I CAN find no words to condemn the insensitive act of driving away beggars, vendors, and street-singers from the National Capital Region before the Commonwealth Games (War on beggars, July 2). The government has failed to banish poverty but intends to make it invisible to foreigners. Poverty cannot be swept under the carpet. It is visible everywhere and is the result of the lopsided economic policies of the government.

It may be recalled that during the Emergency, the Sanjay Gandhi brigade bulldozed many slums in Delhi to make the city beautiful. Even Satyajit Ray was condemned for marketing poverty through his widely acclaimed film Pather Panchali.


THERE are many reasons for the lackadaisical performance of the first year of the second term of the United Progressive Alliance government (Adrift and listless, June 18). It maybe the mindset that there is no alternative to the UPA or the lack of assertiveness and control by the Congress leadership on its Ministers and those of its allies. The writing on the wall is clear. Deliver or disintegrate.

On the positive side, the government's emphasis on developing the agriculture sector and backward regions in its maiden Budget of UPA-II is the only reiteration of its solidarity with the a am a d mi, but cannot be ignored.

THE people in South Block seem to be running out of ideas with respect to West Asia (Unipolar dilemmas, June 18). Maybe they are worried about annoying the U.S. The government should not forget that the U.S. cannot be trusted, even though Barack Obama may be a good man.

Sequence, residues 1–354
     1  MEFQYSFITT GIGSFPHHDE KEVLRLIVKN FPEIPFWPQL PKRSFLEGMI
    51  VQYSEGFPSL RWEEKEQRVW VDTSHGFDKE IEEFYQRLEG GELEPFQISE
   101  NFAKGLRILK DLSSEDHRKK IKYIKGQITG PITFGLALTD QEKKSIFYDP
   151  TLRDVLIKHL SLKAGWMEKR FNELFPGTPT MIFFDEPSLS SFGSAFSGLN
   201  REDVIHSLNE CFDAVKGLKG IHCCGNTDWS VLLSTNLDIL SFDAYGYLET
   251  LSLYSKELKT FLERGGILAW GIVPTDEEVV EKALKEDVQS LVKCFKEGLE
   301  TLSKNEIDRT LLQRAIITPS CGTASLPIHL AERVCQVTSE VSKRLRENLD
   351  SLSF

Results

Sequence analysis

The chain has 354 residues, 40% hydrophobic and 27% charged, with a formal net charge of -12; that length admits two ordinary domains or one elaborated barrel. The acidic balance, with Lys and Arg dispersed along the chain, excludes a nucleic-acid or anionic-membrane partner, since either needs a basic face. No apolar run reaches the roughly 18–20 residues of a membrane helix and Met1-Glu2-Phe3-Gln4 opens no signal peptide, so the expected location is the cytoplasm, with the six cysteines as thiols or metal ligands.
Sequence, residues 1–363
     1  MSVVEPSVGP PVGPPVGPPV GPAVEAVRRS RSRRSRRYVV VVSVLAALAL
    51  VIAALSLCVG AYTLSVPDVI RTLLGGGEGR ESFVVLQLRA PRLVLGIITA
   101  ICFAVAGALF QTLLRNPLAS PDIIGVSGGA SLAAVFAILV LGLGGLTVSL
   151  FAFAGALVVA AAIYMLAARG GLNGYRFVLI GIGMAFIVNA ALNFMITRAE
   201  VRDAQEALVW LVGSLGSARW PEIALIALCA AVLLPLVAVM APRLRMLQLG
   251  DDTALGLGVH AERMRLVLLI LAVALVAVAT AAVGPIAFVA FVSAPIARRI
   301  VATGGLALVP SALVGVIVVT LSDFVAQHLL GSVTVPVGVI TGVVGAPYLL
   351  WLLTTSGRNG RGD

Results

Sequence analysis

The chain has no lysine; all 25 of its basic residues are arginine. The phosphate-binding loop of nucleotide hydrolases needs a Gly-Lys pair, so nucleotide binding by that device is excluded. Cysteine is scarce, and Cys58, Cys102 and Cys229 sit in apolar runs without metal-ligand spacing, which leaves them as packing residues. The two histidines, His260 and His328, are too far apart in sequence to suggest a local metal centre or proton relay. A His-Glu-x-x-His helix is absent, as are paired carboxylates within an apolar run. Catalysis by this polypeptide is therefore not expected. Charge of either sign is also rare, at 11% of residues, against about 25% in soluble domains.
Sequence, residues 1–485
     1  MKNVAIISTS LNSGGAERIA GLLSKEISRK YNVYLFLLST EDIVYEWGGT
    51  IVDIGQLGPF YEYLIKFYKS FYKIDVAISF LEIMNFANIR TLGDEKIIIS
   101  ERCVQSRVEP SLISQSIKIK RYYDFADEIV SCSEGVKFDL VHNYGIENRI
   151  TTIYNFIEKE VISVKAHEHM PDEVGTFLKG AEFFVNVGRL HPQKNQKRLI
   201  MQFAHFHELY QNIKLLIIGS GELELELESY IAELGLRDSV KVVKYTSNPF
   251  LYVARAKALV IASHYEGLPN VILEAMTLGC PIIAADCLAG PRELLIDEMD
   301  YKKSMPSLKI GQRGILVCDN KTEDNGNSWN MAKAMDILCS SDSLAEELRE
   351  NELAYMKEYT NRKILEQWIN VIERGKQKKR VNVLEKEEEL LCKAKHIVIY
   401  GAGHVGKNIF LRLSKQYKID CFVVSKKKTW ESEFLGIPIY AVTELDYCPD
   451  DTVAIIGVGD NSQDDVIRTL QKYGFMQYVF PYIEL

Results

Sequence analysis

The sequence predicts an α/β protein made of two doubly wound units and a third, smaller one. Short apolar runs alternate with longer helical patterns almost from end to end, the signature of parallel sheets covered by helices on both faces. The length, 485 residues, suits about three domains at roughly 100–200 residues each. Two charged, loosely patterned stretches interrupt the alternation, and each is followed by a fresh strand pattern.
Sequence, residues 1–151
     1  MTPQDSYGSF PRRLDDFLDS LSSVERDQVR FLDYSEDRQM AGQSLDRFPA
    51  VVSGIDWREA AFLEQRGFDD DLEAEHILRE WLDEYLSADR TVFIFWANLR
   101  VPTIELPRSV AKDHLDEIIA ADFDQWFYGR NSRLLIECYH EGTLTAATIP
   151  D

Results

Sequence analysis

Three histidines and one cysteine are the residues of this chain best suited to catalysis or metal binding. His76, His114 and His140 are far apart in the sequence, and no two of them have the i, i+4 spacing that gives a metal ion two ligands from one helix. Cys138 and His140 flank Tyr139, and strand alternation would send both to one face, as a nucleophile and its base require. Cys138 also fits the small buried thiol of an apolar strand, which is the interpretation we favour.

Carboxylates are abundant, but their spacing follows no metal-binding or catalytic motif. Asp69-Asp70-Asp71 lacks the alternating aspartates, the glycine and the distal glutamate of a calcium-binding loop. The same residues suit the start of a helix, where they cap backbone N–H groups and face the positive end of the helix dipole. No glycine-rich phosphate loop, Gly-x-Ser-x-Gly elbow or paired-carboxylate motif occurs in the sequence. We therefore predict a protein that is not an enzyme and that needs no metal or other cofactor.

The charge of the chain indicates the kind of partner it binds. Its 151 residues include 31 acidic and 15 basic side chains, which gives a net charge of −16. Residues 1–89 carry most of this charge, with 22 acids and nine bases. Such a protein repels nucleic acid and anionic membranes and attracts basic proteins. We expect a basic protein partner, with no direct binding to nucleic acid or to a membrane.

People's protest

IT was painful to read about the struggles of tribal people of Niyamgiri hills (Battle for survival, June 18). It is their right to resist the mining company's projects.


IT is a pity that India, a nation of over a billion people and an economic power in the making, could not send 11 football players to South Africa, where players from smaller countries in Africa and Latin America and from impoverished North Korea are vying for the prestigious FIFA World Cup and are captivating spectators with their performances (Cup that cheers?, June 18).


Nandanar was one of the 63 Saivaite saints, not Saivaite saint-poets as mentioned in the article "Rally for justice" (July 2) and also in the caption on page 108. The error made at the editing stage is regretted.

In the article "Legal perspectives" (July 2), the last sentence should read as follows: "Secondly, the framers denied devices of direct democracy to the people because these were not practical in a huge and diverse country like India and not because they considered the people immature."